Thursday night, the State of Alabama broke new ground as it became the first jurisdiction on the planet to use nitrogen hypoxia as the method to execute Kenneth Eugene Smith for a 1988 murder.
Smith and two accomplices were hired to kill Elizabeth Sennett by her husband, the Reverend Charles Sennett, Jr. The staged home invasion at the crime scene didn’t fool anyone, and within a week, Smith and his cohorts were in jail, and their employer committed suicide shortly after being questioned by police.
Alabama tried to execute Smith in November 2022 but failed. The state then set out to find a foolproof method of execution and decided upon nitrogen hypoxia as more humane and less error-prone than lethal injection.
Much like New York’s first experience using electrocution for capital punishment didn’t run as smoothly on humans as it had on stray dogs, Alabama’s inaugural use of nitrogen hypoxia did not live up to the hype. In court filings, Alabama’s Solicitor General Edmund LaCour told judges it’s the “most painless and humane method of execution known to man.” The state has argued the gas will knock him unconscious within seconds and cause death within minutes.
How did it go? This is the tick-tock by AL.com, one of the five media organizations allowed to witness the execution.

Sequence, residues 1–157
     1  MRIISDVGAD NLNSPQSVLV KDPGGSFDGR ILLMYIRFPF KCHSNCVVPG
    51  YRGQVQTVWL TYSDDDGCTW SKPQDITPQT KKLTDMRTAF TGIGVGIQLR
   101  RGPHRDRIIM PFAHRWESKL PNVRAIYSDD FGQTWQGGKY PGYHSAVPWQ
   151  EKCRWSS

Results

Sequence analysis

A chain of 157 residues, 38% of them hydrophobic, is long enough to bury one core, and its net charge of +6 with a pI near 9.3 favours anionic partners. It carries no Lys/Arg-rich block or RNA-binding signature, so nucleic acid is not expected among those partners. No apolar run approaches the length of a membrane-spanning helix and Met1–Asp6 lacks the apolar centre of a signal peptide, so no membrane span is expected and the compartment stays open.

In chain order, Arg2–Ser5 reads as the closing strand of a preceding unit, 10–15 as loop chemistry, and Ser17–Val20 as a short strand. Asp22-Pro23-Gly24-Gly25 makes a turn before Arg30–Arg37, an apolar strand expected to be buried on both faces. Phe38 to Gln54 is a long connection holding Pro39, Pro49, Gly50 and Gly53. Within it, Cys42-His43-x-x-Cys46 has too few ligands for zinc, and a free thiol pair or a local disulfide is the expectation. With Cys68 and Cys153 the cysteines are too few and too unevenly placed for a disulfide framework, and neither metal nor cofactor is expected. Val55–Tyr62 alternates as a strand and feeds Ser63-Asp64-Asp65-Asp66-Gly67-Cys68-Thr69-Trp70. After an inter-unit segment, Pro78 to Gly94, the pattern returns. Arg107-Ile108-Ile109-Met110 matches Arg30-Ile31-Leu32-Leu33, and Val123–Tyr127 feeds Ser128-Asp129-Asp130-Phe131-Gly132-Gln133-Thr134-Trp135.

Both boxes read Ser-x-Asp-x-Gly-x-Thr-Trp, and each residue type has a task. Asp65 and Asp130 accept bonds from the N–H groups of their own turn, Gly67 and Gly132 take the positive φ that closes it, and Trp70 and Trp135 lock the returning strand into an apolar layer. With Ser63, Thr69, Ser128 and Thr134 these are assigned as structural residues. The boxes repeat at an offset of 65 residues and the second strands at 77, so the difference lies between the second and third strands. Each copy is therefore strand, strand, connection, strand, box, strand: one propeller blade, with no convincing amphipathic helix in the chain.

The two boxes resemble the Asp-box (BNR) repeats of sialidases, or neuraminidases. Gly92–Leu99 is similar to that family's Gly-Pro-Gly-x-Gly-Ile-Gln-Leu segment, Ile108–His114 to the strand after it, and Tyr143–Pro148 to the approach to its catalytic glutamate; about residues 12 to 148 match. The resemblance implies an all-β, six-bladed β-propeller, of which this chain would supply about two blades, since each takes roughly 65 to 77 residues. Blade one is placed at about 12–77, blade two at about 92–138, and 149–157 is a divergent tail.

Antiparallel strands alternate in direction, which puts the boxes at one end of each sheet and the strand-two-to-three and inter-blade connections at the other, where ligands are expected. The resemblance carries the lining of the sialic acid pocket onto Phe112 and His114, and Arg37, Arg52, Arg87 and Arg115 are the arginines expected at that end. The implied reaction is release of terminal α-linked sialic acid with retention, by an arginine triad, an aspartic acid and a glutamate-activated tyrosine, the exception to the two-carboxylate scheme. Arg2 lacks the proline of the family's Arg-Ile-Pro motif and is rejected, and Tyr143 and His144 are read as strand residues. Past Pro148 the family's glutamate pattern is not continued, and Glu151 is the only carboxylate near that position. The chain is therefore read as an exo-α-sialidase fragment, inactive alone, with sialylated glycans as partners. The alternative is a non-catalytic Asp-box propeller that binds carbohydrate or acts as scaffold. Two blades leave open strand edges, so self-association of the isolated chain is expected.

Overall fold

At 7:47 p.m., media witnesses left that trailer and entered the viewing room to the execution.
Four of Smith’s witnesses sat in the viewing room: his wife, son, lawyer and friend. His wife wore a shirt which read, “Never Alone.”
The curtain to the viewing room opened at 7:53 p.m. Smith looked toward the room where his family and media witnesses sat, smiling and nodding his head.
He gave a thumbs up sign and signed “I love you” with his left hand. “Tonight, Alabama causes humanity to take a step backwards.”
Smith then spoke with his spiritual advisor the Rev. Jeff Hood, and Hood touched Smith’s feet with his Bible. Smith continued to smile toward his family.
The gas appeared to start flowing at approximately 7:58 p.m. Smith visibly shook and writhed against the gurney for around two minutes.
His arms thrashed against the restraints. He breathed heavily, slightly gasping, for approximately seven more minutes.
At one point, his wife cried out.
At 8:01 p.m., a correctional officer in the execution chamber leaned over Smith and examined his face, before stepping away and walking back to his post.
Smith appeared to stop breathing at 8:08 p.m.
Hood continuously blessed Smith, making the sign of the cross throughout the execution. The curtain closed to the execution at 8:15 p.m.
Even though I generally support the death penalty, In the words of St. Thomas Aquinas, “The life of certain pestiferous men is an impediment to the common good which is the concord of human society. Therefore, certain men must be removed by death from the society of men.”
I don’t have a great deal of sympathy for Smith. I hope he used his three decades on death row to legitimately prepare himself for his death, an opportunity that was not afforded to his victim. The terror he experienced was a small reparation for what Elizabeth Sennett went through.
That said, changing capital punishment from an expression of sovereign justice to a medical procedure does nothing to increase respect for the law. Likewise, dragging out the punishment for a very open-and-shut murder for 35 years makes the law a laughingstock.